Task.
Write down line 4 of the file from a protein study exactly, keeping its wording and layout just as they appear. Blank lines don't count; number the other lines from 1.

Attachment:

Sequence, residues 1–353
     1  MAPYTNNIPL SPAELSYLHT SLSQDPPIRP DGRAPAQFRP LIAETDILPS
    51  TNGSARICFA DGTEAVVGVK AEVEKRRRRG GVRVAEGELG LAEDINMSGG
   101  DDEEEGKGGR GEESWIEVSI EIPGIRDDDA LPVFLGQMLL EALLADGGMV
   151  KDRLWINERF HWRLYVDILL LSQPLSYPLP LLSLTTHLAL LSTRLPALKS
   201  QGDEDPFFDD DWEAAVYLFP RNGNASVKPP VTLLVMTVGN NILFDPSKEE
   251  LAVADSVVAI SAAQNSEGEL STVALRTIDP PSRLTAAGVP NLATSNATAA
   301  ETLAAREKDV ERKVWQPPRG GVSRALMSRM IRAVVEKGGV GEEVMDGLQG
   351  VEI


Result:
   101  DDEEEGKGGR GEESWIEVSI EIPGIRDDDA LPVFLGQMLL EALLADGGMV